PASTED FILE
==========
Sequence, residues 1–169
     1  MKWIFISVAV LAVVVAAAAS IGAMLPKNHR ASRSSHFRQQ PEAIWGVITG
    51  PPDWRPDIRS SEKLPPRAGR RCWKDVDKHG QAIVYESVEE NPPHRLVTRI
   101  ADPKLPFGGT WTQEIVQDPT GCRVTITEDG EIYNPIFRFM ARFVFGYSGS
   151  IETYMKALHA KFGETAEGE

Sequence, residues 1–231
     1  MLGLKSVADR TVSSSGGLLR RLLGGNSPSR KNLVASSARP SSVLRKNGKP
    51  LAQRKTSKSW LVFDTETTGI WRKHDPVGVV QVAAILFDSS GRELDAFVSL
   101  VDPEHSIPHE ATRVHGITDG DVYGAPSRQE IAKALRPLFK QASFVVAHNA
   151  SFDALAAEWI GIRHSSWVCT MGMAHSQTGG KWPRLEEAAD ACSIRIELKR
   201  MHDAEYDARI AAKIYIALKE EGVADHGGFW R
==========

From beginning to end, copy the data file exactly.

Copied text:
Sequence, residues 1–169
     1  MKWIFISVAV LAVVVAAAAS IGAMLPKNHR ASRSSHFRQQ PEAIWGVITG
    51  PPDWRPDIRS SEKLPPRAGR RCWKDVDKHG QAIVYESVEE NPPHRLVTRI
   101  ADPKLPFGGT WTQEIVQDPT GCRVTITEDG EIYNPIFRFM ARFVFGYSGS
   151  IETYMKALHA KFGETAEGE

Sequence, residues 1–231
     1  MLGLKSVADR TVSSSGGLLR RLLGGNSPSR KNLVASSARP SSVLRKNGKP
    51  LAQRKTSKSW LVFDTETTGI WRKHDPVGVV QVAAILFDSS GRELDAFVSL
   101  VDPEHSIPHE ATRVHGITDG DVYGAPSRQE IAKALRPLFK QASFVVAHNA
   151  SFDALAAEWI GIRHSSWVCT MGMAHSQTGG KWPRLEEAAD ACSIRIELKR
   201  MHDAEYDARI AAKIYIALKE EGVADHGGFW R